Stemline Therapeutics (STML) completed its IPO in January of this year, (the company was founded in 2003), and as its name implies, the company develops cancer therapies that specifically target cancer stem cells (referred to as CSC). The company’s two clinical-stage assets, SL-401 and SL-701, are in development across seven oncology indications in Phase I/II trials; thus far early clinical results have been promising, and data should continue to flow through the second half of this year from these open-label studies.
Strong investor demand, it appears, already exists for this newly public oncology developer. A secondary offering that was initiated at the beginning of May, planned for $50M, had to be increased in size by 20% to accommodate more buyers, and the deal priced at only a slight discount to market. The offering infused Stemline with ample capital, and at current prices, around half of Stemline’s market capitalization is in cash — a technology value of less than $85M and cash per share of $7.50, over half of STML’s current share price. Stemline will present three abstracts for lead candidate SL-401 at the upcoming meeting of the American Society for Clinical Oncology (ASCO, May 31-June 4), and we believe that interest in SL-401, in addition to the greater CSC space, could drive enthusiasm for Stemline in the near-term. But a combination of this industry exposure at ASCO, Stemline’s low float, and the expectation of more data flow through 2013 creates a particularly opportune scenario for STML in the second half of this year — it’s primed for a run higher if demand, which we’ve already seen with the latest offering, continues to uptick. The company plans to initiate a pivotal study of SL-401 in early 2014, and we expect more information on the broader development plan for both candidates to materialize throughout this year, driving further interest as timelines become clear. While Stemline is yet early-stage, impressive clinical data, ample cash reserves, and the possibility of a low float-induced rally suggest this one is worth a closer look.
Cancer Stem Cells
Stemline, as well as several other biotechnology companies (more on these later), develops oncology therapies that are based on targeting and destroying cancer stem cells. Cancer stem cells are a specific type of tumorigenic cell that, when present in a patient’s system, give rise to other cancer cells, thereby creating tumor growth.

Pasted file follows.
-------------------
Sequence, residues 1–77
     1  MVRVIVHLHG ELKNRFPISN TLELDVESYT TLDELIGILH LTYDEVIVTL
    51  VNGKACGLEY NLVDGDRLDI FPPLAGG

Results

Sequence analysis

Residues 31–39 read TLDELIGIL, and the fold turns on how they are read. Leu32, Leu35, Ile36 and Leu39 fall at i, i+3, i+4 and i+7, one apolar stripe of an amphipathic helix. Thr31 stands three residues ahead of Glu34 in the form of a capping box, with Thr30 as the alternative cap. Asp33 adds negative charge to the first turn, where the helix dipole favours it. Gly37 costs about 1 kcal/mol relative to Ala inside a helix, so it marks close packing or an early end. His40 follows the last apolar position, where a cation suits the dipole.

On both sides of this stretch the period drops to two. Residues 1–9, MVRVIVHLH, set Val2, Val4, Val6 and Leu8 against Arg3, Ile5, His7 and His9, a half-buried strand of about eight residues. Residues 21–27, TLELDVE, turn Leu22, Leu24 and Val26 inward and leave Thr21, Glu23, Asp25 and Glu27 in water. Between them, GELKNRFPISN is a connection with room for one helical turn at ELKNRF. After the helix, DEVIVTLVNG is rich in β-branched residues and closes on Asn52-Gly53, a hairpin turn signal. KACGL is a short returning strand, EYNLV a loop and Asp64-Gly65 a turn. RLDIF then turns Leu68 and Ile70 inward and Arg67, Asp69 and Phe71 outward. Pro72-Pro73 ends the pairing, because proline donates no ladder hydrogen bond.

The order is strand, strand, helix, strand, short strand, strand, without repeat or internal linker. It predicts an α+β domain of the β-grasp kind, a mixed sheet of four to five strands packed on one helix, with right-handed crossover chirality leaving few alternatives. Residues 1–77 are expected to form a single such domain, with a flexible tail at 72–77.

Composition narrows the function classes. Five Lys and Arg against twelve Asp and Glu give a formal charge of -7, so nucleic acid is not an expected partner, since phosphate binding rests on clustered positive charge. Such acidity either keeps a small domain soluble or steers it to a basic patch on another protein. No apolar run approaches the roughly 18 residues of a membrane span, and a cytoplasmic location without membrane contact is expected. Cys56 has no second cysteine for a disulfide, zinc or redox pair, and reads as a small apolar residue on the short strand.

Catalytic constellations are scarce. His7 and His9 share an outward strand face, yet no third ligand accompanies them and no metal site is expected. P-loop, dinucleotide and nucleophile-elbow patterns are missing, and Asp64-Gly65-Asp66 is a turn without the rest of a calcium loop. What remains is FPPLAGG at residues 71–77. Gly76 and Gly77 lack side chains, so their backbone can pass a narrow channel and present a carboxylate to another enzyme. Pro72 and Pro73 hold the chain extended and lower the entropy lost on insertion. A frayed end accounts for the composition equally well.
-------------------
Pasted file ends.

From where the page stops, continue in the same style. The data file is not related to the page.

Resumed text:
As the diagram above shows (produced by Stemline), traditional oncology therapies can kill off most of a tumor, but if the cancer stem cells that gave rise to said tumor are left intact, they can induce a relapse. Stemline’s CSC therapy, however, targets both the “normal” tumor cells, as well as the underlying CSC cells, thereby fully eliminating the tumor and preventing a relapse. CSC’s have been the subject of much debate in the medical community, with some experts going so far as to dispute their very existence. However, a 2009 paper published in Nature [authored by Piyush Gupta (from the Broad Institute of Massachusetts Institute of Technology and Harvard), Christine Chaffer (from the Whitehead Institute for Biomedical Research and the Ludwig Center for Molecular Oncology/Massachusetts Institute of Technology),and Robert Weinberg (from the Broad Institute, the Ludwig Center, and the Department of Biology at the Massachusetts Institute of Technology], lays out a clear case for CSC’s. These cells, as the Nature paper notes, are defined “on the basis of their ability to seed tumors in animal hosts, to self renew and to spawn differentiated progeny.” CSC’s certainly meet these standards; such cells create non-CSC tumor cells, and if left unchecked, can cause a tumor to regrow, even if the bulk of it has been destroyed by more conventional oncology treatments. The Nature paper goes on to lay out an argument, one we see as valid, that much of the controversy surrounding CSC’s has shifted to the debate over whether or not these cells are “true stem cells.” Standard stem cells are either oligo- or multipotent (oligopotent cells are able to form 2 or more cell types within a tissue, while multipotent cells are limited in their ability to differentiate, with most hard-wired to produce specific types of cells). When viewed through this prism, CSC’s may not meet the traditional definition of stem cells. But, they do align with the core of what it means to be a stem cell: CSC’s are self-renewing and give rise to regular cells, even if these “progeny” cells are tumor cells. CSC’s have been identified in multiple cancer types, including brain, breast, lung, pancreatic, and multiple myeloma. A recent Nature paper, published in April 2013 and authored by Jan Paul Medema of the Laboratory for Experimental Oncology and Radiobiology at the University of Amsterdam, further delved into the debate regarding CSC’s. Medema’s paper outlined the challenges and opportunities of CSC-therapy, and noted that much of the controversy surrounding CSC’s can be traced to their imperfect definition. The following excerpt outlines Medema’s views on the definition of CSC’s (the full paragraph is provided for proper context):